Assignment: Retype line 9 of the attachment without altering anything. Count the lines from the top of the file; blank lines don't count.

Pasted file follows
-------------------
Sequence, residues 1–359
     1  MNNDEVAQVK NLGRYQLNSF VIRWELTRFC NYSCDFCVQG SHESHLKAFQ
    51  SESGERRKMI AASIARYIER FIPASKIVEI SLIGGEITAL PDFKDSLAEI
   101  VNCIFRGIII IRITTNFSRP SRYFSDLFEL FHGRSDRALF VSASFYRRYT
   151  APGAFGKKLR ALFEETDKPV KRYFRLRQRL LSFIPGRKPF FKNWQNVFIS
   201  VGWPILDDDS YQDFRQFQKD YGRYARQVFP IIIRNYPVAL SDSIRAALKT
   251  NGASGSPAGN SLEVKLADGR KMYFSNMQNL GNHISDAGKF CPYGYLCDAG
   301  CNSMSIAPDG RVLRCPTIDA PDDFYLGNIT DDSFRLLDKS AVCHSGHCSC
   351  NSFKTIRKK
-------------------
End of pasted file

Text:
   351  NSFKTIRKK